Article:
Friday, May 14, 2010

On corporate personhood and free expression.

Shorter one today. It's late, I'm tired, and I couldn't get my thoughts together on electoral reform and the virtues of coalition governments. So, instead, I'll take on a smaller point.

Remember Citizens United v Federal Election Commission? That was the Supreme Court of the United States decision which held that corporate funding of independent political broadcasts in elections cannot be limited without violating the First Amendment. Now, of course, Canada doesn't have a First Amendment, and SCOTUS decisions don't have any force under Canadian law. But, the Charter of Rights and Freedoms does give us rights to freedom fo conscience, thought, belief and expression, and corporations are (in at least the "entering into contracts" sense) persons under Canadian law. So, it's only a few skips to allow, as a freedom of speech issue, that corporations in Canada have a fundamental right to fund electoral ads.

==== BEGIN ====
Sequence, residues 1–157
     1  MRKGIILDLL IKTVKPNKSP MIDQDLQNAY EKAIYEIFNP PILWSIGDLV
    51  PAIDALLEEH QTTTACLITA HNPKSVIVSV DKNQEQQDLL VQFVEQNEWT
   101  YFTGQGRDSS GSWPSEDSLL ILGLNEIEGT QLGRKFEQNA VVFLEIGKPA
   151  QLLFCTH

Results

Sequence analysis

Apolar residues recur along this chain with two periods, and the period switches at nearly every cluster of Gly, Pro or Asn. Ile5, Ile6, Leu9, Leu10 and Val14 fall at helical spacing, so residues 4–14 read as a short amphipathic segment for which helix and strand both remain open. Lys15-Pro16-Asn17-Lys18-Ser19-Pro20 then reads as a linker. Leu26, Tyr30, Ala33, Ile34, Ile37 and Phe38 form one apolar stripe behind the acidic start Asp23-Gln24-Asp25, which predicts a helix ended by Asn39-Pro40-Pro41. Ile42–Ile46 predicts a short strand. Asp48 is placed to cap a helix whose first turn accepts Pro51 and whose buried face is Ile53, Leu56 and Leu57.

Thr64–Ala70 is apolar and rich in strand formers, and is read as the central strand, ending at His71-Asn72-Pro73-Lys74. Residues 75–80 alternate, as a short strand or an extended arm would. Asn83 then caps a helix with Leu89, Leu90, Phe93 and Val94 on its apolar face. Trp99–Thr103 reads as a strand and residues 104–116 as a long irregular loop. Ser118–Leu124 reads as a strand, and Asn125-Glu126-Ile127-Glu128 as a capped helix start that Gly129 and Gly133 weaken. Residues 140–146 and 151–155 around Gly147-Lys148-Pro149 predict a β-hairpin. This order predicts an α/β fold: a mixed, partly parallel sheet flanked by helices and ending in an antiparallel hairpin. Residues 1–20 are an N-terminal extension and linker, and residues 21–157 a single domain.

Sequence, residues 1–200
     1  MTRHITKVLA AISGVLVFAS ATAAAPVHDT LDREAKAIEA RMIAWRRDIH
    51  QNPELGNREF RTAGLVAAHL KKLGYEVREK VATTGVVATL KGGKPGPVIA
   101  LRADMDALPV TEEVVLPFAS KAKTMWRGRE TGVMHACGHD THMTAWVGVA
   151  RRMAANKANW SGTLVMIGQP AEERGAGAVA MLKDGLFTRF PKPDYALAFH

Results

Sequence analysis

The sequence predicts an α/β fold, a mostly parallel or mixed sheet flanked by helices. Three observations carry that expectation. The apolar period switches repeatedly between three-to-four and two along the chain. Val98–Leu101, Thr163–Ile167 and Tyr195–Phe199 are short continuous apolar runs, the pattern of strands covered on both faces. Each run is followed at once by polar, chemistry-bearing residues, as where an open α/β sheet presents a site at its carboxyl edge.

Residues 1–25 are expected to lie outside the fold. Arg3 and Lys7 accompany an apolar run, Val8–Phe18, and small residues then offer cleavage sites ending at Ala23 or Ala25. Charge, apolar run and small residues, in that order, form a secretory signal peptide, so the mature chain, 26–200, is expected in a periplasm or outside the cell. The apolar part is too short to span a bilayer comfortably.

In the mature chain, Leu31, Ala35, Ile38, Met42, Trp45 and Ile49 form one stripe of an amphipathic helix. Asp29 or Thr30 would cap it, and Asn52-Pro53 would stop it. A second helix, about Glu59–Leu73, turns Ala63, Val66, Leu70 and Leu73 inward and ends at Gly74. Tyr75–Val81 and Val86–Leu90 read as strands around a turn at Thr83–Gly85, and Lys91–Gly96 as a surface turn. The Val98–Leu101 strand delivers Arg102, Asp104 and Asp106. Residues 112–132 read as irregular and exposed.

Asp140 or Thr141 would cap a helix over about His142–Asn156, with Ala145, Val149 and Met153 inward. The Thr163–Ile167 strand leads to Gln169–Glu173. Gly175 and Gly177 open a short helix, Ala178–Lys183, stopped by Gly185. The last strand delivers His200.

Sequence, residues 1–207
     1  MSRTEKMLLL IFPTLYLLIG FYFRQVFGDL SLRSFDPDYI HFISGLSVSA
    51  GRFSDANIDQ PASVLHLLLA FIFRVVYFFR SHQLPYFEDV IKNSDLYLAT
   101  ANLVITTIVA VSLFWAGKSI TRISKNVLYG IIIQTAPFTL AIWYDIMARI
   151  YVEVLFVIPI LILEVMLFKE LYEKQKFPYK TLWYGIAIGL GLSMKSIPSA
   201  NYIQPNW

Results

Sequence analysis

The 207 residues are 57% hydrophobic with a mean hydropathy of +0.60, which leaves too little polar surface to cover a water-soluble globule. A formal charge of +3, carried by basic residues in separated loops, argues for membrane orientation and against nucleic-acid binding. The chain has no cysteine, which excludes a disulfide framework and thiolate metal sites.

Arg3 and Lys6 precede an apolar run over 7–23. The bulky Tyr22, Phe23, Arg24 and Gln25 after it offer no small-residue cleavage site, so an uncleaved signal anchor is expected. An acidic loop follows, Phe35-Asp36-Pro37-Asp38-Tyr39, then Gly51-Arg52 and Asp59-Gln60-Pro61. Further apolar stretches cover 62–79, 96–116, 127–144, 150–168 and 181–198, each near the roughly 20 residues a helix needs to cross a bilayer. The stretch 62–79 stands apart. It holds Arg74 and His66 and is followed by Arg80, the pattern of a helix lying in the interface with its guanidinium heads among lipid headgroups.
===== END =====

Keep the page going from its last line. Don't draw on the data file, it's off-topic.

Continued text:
Here's how that argument would go (spelled out as it draws out the key issues):
  1. Persons have fundamental rights under the law.
  2. One of those rights is to free expression.
  3. Encouraging expression of ideas, such as by paying for them, is part of free expression.
  4. Corporations are persons.
  5. By (1) and (4), corporations have fundamental rights under the law.
  6. By (2) and (5), corporations have the right to free expression.
  7. By (3) and (6), corporations can encourage expression of ideas, such as by paying for them, as part of free expression.